This is a full-time, intensive and demanding course with an average of four full teaching days each week, plus a substantial amount of self-directed study. Uniquely, all students receive regular one-to-one support from a dedicated course supervisor. Most course supervisors are only allocated one student per year. Depending on the nature of the research thesis they choose, students may also be allocated an additional thesis supervisor to provide one-to-one support for the thesis project.
Syllabus for Term 1
All of the teaching in term one is considered compulsory for all students. This term focuses on epidemiological and biostatistical principles and procedures. Teaching sessions during this term are shared with students from the MPhil in Epidemiology. The teaching in this term also includes training in basic data handling and analysis using the statistical package Stata. A major task for this term is the Michaelmas Essay on descriptive epidemiology. With support and guidance from your supervisor, you’ll review the descriptive epidemiology of a particular disease or exposure. During this term you will begin to research an appropriate topic for your MPhil thesis.
Introduction to Epidemiology Module (click for topic list)
- Scope of epidemiology
- Measures of disease frequency
- Measures of association
- Measures of population impact
- Measures of dynamics of infectiousness
- Ecological/geographical studies
- Case control studies
- Cohort studies
- Intervention studies and RCTs
- Routine data sources: registries and record linkage, mortality, sociodemographic information
- Disease trends and standardization
- Random error/chance: type I and II errors, regression dilution, confidence
- Interaction and effect modification
- Association and Causation
- Validity and reliability
- Research synthesis.
Introduction to Biostatistics Module (click for topic list)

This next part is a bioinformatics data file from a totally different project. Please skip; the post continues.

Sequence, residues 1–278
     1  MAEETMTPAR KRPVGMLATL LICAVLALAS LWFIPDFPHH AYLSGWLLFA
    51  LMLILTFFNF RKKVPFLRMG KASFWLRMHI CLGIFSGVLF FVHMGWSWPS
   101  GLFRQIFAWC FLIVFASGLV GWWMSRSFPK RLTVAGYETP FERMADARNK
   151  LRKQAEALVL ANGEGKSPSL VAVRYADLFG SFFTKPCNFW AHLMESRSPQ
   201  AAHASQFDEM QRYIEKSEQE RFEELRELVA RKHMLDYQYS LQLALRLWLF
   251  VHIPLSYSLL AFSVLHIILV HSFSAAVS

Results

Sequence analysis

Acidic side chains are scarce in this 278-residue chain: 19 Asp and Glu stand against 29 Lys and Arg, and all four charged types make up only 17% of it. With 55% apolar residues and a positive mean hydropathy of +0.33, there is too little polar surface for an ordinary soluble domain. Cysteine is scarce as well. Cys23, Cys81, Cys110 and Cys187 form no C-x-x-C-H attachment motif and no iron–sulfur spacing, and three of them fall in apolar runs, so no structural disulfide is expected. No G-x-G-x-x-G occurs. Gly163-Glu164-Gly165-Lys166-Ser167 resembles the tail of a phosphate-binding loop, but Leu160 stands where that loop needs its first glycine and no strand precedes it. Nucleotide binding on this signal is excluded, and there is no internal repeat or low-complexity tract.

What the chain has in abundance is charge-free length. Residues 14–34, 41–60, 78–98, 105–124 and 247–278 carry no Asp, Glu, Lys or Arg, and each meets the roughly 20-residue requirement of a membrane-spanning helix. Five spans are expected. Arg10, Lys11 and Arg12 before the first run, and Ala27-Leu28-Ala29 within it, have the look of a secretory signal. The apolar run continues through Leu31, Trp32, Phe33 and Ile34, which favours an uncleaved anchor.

- Introduction to biostatistics and computing using Stata
- Descriptive statistics
- Normal distribution and confidence intervals
- Comparison of continuous variables between two groups
- Hypothesis tests and p-values
- Comparison of categorical variables between two groups
- Comparison of variables between two groups using distribution free methods
- Correlation and simple linear regression
- Multiple linear regression with several continuous exposures
- Multiple linear regression with binary and categorical exposures
- Multiple linear regression in practice
- Logistic regression
- Survival analysis.
Data handling and appraisal (click for topic list)
- Principles of data management
- Computing with Stata
- Database skills for study administration, data entry and manipulation of data sets.
Syllabus for Terms 2 and 3
Al of the teaching in terms two and three is considered compulsory for all students. In these terms the teaching is based on a modular programme of teaching, which focuses on advanced aspects of public health and key epidemiological research areas. The Public Health teaching sessions are not shared with MPhil in Epidemiology students. A major task for the second term is the Lent Essay and during this term, you will begin initial work on your thesis.
The modular programme of teaching continues during the third term, alongside revision for the written examinations in June and your thesis work.
Public Health Modules (click for topic list)
- Social sciences
- Health protection
- Health promotion
- Public health assessment (the detailed content of this module is accessible here)
- Ethics and law
- Health economics
- Health policy
- Public health genetics
- Global public health.
Advanced Epidemiology Modules (click for topic list)
- Chronic disease epidemiology, including cancer, cardiovascular disease, diabetes
- Infectious disease epidemiology
- Genetic and molecular epidemiology
- Nutritional and physical activity epidemiology
- Clinical trials
- Environmental epidemiology
- Psychiatric epidemiology.
Seminars and talks throughout the course
The Bradford Hill Seminar Series, given several times per term by visiting speakers, provide a wide perspective on public health research and practice. Students are encouraged to attend these and other relevant seminars, talks and events across the University where these fit around compulsory teaching.
Assessment and exams
- an essay of up to 3,000 words in length, in each of terms one and two;
- two written exam papers, each of which may cover any area of the syllabus;
- a research thesis of up to 20,000 words.